6) Work on your pH balance
Many practitioners recognise the importance of acid/alkaline balance in the blood. This is because illness and disease are less able to thrive in a less acidic environment.
Poor gut health promotes excessive acidity, but it’s not just about blood pH. It’s also essential to maintain a healthy pH throughout your GI tract. Without it, you cannot manage the intricate balance of microbiota and digestive enzymes needed for a well functioning gut.
You are also less able to absorb all the necessary nutrients from your food, and as we know, compromised gut integrity leads to inflammation, reduced immunity and increased susceptibility to disease.
One way to help keep your acid/alkaline balance in check is to add more alkaline foods to your diet. Ditch processed and junk foods, pre-prepared meals and sugar. Reduce your caffeine and alcohol intake. Some people may also find it beneficial to avoid dairy and cereal grains.
You could also take a daily green powder containing alkalising superfoods such as spirulina, chlorella, sprouts, and grasses.
pH balancing supplements can optimise stomach acid/alkaline levels and promote gut health. A natural one containing electrolytes can address this.
7) Take probiotics
Probiotics are live, friendly bacteria that provide health benefits for you and your gut when taken in adequate amounts. They can be useful when your microbiota is out of balance and could do with a boost of the good stuff.
Opinions differ, but many experts believe that stronger is better when it comes to taking a probiotic supplement. The majority of probiotics you’ll find on the shelves come from bovine sources which are not indigenous to us.
So, for the most profound benefits, it makes sense to take a high-strength supplement derived from human bacterial strains.
Progurt is one of the most advanced probiotics on the market. It’s clinically tested and has an exceptionally high, one trillion Colony-Forming Units to populate your gut.
What makes Progurt particularly progressive is that the bacteria derive from human probiotic isolates (HPIs).
Each Progurt probiotic sachet contains HPI identical to the strains found in a healthy gut from birth. Innate and non-transient, the human strains in Progurt feature a unique combination and ratio that have been specially chosen to colonise in your GI tract and replicate.
They include missing, colonising, upper and lower gut, fragile, synergistic, replicating, migrating, and birth strains.
Bovine probiotics tend to be more transient, whereas our bodies respond to these native HPI bacteria more instinctively and effectively. They remain established in your gut unless poor health or medication disrupt your healthy gut environment, and you need a maintenance dose.
8) Eat at mealtimes, chew your food properly
This is pretty obvious, but it’s something that so many of us don’t do. We often rush our meals and get distracted by watching TV, working or looking at our phones.
Ensure you are chewing your food correctly as this is an integral part of digestion. It helps to break everything down and eases the whole process.
Savour the flavour of your meals, take in the aroma, and engage with every mouthful. Always try to eat at a table and don’t wolf your food.
9) Manage stress
There is a direct link between stress and GI disorders and studies support the benefits of stress-reducing interventions for this.
Evidence suggests that cognitive behavioural therapy, hypnosis and relaxation techniques can all significantly improve GI symptoms. Some studies also support the use of mindfulness, meditation and yoga for reducing IBS symptoms.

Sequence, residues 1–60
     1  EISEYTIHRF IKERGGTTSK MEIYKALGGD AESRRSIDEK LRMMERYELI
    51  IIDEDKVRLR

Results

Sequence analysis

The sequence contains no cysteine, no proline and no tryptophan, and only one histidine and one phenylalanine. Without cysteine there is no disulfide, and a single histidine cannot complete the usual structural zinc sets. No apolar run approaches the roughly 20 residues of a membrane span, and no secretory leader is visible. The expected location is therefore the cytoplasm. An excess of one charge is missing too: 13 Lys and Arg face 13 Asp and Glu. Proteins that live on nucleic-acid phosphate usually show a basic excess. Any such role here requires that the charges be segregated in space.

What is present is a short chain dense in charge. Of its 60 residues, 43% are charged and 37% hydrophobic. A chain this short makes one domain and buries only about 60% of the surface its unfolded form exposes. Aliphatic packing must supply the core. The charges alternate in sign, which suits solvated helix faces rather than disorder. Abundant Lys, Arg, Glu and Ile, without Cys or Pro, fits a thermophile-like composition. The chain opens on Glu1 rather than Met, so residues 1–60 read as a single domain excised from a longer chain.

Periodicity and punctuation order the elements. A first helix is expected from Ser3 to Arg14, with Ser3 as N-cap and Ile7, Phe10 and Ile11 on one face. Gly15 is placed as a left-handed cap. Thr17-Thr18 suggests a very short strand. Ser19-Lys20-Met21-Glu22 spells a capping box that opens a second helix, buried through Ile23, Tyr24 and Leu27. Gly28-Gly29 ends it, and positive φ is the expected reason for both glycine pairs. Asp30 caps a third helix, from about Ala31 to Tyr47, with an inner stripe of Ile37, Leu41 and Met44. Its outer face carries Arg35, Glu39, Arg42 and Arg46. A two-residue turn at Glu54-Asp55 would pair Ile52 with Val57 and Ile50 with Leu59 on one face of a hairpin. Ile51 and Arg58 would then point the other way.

If you regularly struggle with stress or anxiety, make it your mission to find ways to alleviate the strain. This could be anything from being in nature, spending quality time with friends and loved ones, journaling or writing a daily gratitude diary, finding a hobby, getting involved in your community, practising deep breathing, exercising, or meditating.
The list goes on, but find the most effective forms of stress relief for you.
10) Get enough sleep
Sleep and gut health are connected, with one affecting the other.
A 2014 animal study demonstrated the harmful impact sleep disturbance might have on healthy gut bacteria. A small study with healthy male participants also found that as little as two nights disturbed sleep can noticeably alter the gut microbiota.
This is most likely related to the fact that, rather like the rest of you, your microbiota are programmed to regular circadian sleep-wake cycles and patterns of eating.
When this gets disrupted, your microbial health can suffer. This could be particularly problematic for frequent long-haul flyers and shift workers.
Aim for seven to eight hours of undisturbed sleep per night and if you suffer from poor sleep, read this article for some helpful sleep tips.
Exercise and regular movement can help to shift food through your digestive tract.
Walking is an excellent form of exercise that is suitable for all levels of fitness as you can take it at your own pace.
If you have a job where you’re sitting down for much of the time, or you live a sedentary lifestyle, get up and move around at frequent intervals throughout your day.
There are several signs which can suggest your gut health is compromised, and while we have listed some of the major ones, there are others.
The steps mentioned in this article could make a significant improvement to any gut symptoms you are experiencing. They can also be useful for preventing gut problems – full stop.
However, depending on your issues, you may benefit more from a tailor-made solution. In this case, it’s best to seek the advice of a qualified professional who specialises in nutrition and holistic health, such as a nutritional therapist, naturopath or functional medicine practitioner.
This article is written by Rebecca Rychlik-Cunning, Nutritional Therapist and Homeopath. Follow Rebecca on Instagram, Facebook and Medium, @rebeccabitesback.